Envision the “Best-Case” Scenario

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I’ve often wondered why – when faced with the prospect of professional or personal change – people often defer to the worst-case scenario or predominantly envision why something won’t work.

Now, while I don’t pretend to be an expert on all of humanity, I do believe that it is primarily a way to prevent ourselves from looking foolish.  There are few things in life more aversive than the idea that you didn’t think it through or were, in some way, naive about the potential downsides.  It seems as though we spend most (if not all) of our energy contemplating why something won’t work or envisioning the worst-case scenario, which really means we spend very little time contemplating why something will work or envisioning the best-case scenario.

The future, from where I sit, is really an illusion that we construct based upon our past experiences, successes, and failures.  Of course, some of those experiences are valid and do provide us with the necessary background to not repeat any mistakes we’ve made.  That said, we still can’t predict the future and don’t know for sure that something will or won’t work.

Think about it for a moment…do I not box myself in when I predict something won’t work? I mean, to predict failure, only to then try something and succeed would prove myself to be wrong…we don’t typically like that. However, to prove you were right you would have to try – and fail – at something that other people have succeeded at doing…we don’t typically like that either.  It’s a lose-lose scenario.

What if we spent an equal amount – or better yet more – energy contemplating the best-case scenario.  Since we can’t predict the future and don’t know for sure that something will/won’t work, why not develop a positive mindset of possibility and success.  Why not, at the very least, put yourself in the frame of mind that best reflects what it is that you actually want.  Predicting failure is negative; negative thoughts produce negative outcomes. Will it succeed or fail? Who knows, but envisioning the best-case scenario will at least create within you the kind of conditions you wish to produce.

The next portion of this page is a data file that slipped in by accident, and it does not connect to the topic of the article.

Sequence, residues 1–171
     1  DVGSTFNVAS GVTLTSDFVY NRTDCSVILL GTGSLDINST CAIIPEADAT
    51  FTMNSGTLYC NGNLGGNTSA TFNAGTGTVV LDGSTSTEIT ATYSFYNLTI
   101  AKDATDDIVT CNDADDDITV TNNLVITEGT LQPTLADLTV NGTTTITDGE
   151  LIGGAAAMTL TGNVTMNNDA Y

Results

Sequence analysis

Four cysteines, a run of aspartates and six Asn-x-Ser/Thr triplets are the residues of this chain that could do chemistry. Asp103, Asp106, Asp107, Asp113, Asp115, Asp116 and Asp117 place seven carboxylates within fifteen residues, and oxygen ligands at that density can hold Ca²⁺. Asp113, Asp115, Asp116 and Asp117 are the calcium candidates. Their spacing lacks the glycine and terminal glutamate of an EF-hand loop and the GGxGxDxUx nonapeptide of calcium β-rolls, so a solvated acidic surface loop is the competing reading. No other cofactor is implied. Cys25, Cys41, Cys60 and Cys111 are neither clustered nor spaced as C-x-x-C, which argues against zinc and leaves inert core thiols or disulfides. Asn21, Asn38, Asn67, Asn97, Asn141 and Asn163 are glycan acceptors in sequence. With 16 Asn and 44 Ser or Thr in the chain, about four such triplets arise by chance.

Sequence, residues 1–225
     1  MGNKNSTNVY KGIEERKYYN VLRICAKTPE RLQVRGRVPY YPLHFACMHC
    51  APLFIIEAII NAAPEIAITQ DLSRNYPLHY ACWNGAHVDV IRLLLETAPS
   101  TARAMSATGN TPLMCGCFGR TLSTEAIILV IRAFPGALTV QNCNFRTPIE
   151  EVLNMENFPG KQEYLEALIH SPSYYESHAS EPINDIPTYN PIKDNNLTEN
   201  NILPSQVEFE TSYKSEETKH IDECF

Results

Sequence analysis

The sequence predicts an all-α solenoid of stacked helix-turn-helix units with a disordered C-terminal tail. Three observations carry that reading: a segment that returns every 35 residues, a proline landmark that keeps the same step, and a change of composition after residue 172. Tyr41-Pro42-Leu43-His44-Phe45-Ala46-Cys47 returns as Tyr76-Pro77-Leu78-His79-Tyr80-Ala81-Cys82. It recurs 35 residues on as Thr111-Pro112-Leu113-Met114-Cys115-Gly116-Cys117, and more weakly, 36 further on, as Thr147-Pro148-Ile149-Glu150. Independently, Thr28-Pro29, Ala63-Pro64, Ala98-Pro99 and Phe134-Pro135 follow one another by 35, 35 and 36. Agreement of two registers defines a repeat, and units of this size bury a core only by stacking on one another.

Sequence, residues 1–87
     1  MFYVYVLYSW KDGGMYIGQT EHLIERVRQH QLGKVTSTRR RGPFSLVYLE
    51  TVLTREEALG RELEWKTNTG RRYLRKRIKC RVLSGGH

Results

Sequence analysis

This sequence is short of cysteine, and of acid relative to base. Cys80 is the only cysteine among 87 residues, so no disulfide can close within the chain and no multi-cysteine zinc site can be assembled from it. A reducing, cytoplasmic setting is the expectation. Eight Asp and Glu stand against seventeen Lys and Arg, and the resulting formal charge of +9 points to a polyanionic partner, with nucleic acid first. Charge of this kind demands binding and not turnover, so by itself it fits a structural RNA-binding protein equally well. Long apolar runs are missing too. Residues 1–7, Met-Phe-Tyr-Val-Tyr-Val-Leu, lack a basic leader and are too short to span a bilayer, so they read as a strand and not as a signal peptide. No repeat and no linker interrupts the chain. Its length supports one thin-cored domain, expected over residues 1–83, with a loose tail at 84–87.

6 thoughts on “Envision the “Best-Case” Scenario

  1. Your post has made me think about the wonderful world of risk management.

    I agree with you – however administrators are often forced (and expected) to think about the potential negatives.

    The danger is that we become paralyzed be fear and negativity – often at the expense of enriching student experiences!

    • Thanks Johnny. I agree, though the context of what I wrote was more about when you actually take the step to implement, change, or move in a direction. I agree that we do have to consider the potential outcomes, but I also agree that we become paralyzed by fear of the unknown. Another quote I recall hearing was, “I’ve had many troubles in my life, most of which have never happened.” We can be our own worst enemies when it comes to our potential success and, as you say, the potential enrichment of our students’ experiences. Thanks!

  2. ‘Paralysis by Analysis’…too often we get stuck wanting to make sure that a change will work out well before we are willing to attempt it. This usually grounds any initiative to a halt. When an organization shares this kind of mindset, it discourages others from proposing innovative ideas.

    On the other hand, when a staff works toward a culture that supports risk-taking and innovation, people are willing to volunteer new ideas and support one another in an attempt to make improvements. If each of does our best to approach things with a ‘best-case scenario’ mindset, we will likely be on our way to creating this positive, supportive culture.

    Great post!


  3. Yet another thoughtful post.

    When I read this I think of all the times procrastination comes into play when looking at a task to be done. I mention this only because I think sometimes the real reason for not getting going is worry about the bad things that may happen. Usually when a task is started it works out for the best.

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